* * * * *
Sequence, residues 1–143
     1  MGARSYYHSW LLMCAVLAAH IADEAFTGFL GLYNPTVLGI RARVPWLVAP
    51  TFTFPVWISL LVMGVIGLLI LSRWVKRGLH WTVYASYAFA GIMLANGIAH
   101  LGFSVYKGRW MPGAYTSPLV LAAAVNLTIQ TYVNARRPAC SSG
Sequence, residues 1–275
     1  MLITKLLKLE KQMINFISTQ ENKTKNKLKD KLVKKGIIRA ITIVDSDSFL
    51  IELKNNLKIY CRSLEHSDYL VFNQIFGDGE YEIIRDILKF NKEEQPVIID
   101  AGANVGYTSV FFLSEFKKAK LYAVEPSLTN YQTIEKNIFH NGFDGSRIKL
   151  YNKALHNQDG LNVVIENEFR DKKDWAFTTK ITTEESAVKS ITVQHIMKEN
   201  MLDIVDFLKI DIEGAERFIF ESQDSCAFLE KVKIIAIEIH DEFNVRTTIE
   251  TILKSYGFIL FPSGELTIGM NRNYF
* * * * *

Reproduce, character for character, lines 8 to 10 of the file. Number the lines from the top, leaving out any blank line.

   101  AGANVGYTSV FFLSEFKKAK LYAVEPSLTN YQTIEKNIFH NGFDGSRIKL
   151  YNKALHNQDG LNVVIENEFR DKKDWAFTTK ITTEESAVKS ITVQHIMKEN
   201  MLDIVDFLKI DIEGAERFIF ESQDSCAFLE KVKIIAIEIH DEFNVRTTIE